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Outgoing EU Ambassador on the fate of the framework agreement

EU Ambassador to Switzerland Michael Matthiessen heads back to Brussels after four years in the country. Keystone / Dominic Steinmann

Departing European Union Ambassador Michael Matthiessen explains why the EU stands by the free movement of people principle.

This content was published on August 15, 2020 - 14:35
NZZ/jdp

In an interview in the German-language newspaper Neue Zürcher ZeitungExternal link, Matthiessen, who is heading back to Brussels after four years, reflected on the challenges of finalising a framework agreement between the two parties.

Without the framework agreement, the bilateral path is not sustainable in the long-term said Matthiessen. “A framework agreement would make it possible to consolidate the existing agreements, but also to exploit the potential in new fields, such as electricity or digitization.”

One of the main areas of disagreement in the current draft concerns a labour accord that allows unrestricted access to each other’s labour markets. On September 27, the Swiss people will vote on an initiative put forward by the right-wing Swiss People’s Party to suspend the accord on the free movement of people and for Switzerland to take over full control of its immigration policy. 

Matthiessen told the paper that the free movement of peopleExternal link is one of the cornerstones of the EU and its internal market.

When asked whether he thinks the EU would be willing to renegotiate if the people’s initiative were accepted in September, Matthiessen responded: “I wonder if the the electorate is willing to take that risk”.

He added that “accepting the initiative would change our lives significantly, we would have less freedom. And it would have serious consequences for the bilateral agreements and prosperity”.

Good collaboration

Matthiessen praised the way Switzerland and EU states have worked together during the pandemic, specifically with repatriation and supporting healthcare workers and patients.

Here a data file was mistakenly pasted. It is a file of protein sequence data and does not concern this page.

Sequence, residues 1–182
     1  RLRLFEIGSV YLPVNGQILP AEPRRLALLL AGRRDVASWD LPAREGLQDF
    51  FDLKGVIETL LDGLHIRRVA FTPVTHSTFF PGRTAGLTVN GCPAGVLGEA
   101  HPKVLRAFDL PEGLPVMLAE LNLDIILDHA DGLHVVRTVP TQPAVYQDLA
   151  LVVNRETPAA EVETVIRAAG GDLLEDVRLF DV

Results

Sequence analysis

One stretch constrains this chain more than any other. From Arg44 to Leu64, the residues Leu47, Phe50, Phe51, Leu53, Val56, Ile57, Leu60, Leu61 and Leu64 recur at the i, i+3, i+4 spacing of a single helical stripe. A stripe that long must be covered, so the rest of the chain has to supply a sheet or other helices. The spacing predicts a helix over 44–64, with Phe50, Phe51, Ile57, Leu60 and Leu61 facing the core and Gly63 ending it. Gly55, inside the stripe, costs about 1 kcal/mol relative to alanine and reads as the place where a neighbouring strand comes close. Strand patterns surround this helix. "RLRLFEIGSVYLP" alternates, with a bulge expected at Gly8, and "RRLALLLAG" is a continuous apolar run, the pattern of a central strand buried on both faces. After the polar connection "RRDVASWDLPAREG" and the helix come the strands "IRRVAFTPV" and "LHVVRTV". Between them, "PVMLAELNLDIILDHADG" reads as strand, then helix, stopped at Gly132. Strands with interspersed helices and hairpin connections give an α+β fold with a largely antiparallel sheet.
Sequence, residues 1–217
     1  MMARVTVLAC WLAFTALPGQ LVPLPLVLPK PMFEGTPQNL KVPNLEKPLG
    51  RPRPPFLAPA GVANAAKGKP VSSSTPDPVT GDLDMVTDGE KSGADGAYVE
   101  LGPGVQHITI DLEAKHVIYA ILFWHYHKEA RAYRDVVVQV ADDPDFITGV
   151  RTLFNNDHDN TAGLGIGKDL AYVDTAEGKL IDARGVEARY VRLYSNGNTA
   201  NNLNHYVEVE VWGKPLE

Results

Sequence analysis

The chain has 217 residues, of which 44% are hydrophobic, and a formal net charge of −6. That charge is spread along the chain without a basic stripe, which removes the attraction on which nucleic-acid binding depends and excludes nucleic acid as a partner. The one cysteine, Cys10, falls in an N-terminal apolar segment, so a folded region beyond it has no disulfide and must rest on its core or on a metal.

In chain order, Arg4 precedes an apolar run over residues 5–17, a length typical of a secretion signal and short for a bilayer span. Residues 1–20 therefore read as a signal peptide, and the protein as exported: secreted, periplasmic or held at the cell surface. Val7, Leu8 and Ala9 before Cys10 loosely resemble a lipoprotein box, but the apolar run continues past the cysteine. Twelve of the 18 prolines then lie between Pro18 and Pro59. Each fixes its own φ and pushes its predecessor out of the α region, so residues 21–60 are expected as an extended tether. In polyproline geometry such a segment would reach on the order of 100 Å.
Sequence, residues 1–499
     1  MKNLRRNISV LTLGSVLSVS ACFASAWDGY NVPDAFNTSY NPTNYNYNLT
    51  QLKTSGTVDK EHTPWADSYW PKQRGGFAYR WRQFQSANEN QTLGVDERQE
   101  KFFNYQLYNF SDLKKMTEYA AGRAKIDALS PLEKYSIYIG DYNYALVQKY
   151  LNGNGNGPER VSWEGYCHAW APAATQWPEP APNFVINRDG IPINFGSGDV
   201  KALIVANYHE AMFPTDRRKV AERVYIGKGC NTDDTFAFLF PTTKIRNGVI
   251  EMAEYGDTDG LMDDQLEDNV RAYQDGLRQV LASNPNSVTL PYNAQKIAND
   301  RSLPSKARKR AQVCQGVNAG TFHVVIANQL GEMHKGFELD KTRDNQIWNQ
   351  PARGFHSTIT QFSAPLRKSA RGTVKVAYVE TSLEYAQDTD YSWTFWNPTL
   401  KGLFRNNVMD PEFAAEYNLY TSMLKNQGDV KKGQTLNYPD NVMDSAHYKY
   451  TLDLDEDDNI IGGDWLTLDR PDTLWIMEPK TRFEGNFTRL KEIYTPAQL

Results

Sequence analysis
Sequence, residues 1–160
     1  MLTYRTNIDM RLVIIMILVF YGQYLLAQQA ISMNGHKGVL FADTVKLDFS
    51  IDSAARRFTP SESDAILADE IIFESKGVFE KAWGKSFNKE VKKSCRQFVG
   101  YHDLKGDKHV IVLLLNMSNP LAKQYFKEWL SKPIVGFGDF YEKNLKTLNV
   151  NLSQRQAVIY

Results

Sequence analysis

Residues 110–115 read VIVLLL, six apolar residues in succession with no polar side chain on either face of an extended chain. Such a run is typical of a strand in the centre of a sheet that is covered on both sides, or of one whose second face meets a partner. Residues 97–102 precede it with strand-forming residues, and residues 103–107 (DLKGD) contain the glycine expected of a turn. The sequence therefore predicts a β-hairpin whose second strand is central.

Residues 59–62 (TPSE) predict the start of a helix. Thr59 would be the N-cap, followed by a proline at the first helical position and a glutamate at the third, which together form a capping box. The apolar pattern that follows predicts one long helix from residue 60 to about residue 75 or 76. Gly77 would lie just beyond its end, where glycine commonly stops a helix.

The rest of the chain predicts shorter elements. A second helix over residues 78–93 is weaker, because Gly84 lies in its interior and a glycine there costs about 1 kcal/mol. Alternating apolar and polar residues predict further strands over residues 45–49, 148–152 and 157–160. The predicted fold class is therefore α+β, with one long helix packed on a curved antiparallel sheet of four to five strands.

One area where coordination has been challenging is in the use of contact tracing apps. He noted that EU states have came up with their own mobile apps that now need to be linked.

However, he said that there is no legal basis for Switzerland to participate in the so-called EU gateway because there is no agreement with the EU on health. This means that Swiss people who go on vacation in EU countries would thus far need to download the respective national apps onto their smartphones.

Impact of free movement

Various studies have tried to capture how the free movement of people has impacted Switzerland.

A recent analysis by swissinfo.ch of government statistics and studies found that immigration has not caused huge unemployment or a drop in wages in Switzerland. Some data also shows that European immigrants have helped to make the Swiss labour market more flexible.

According to economists, ending free movement would cost Switzerland dearly. By 2035, they warn, the country’s GDP would be 3% to 4% lower and would weaken foreign trade. 

Last week, the Swiss People’s Party presented a studyExternal link from the London-based Europe Economics, which concluded that immigration had reduced the country’s economic output from 2002-2017.

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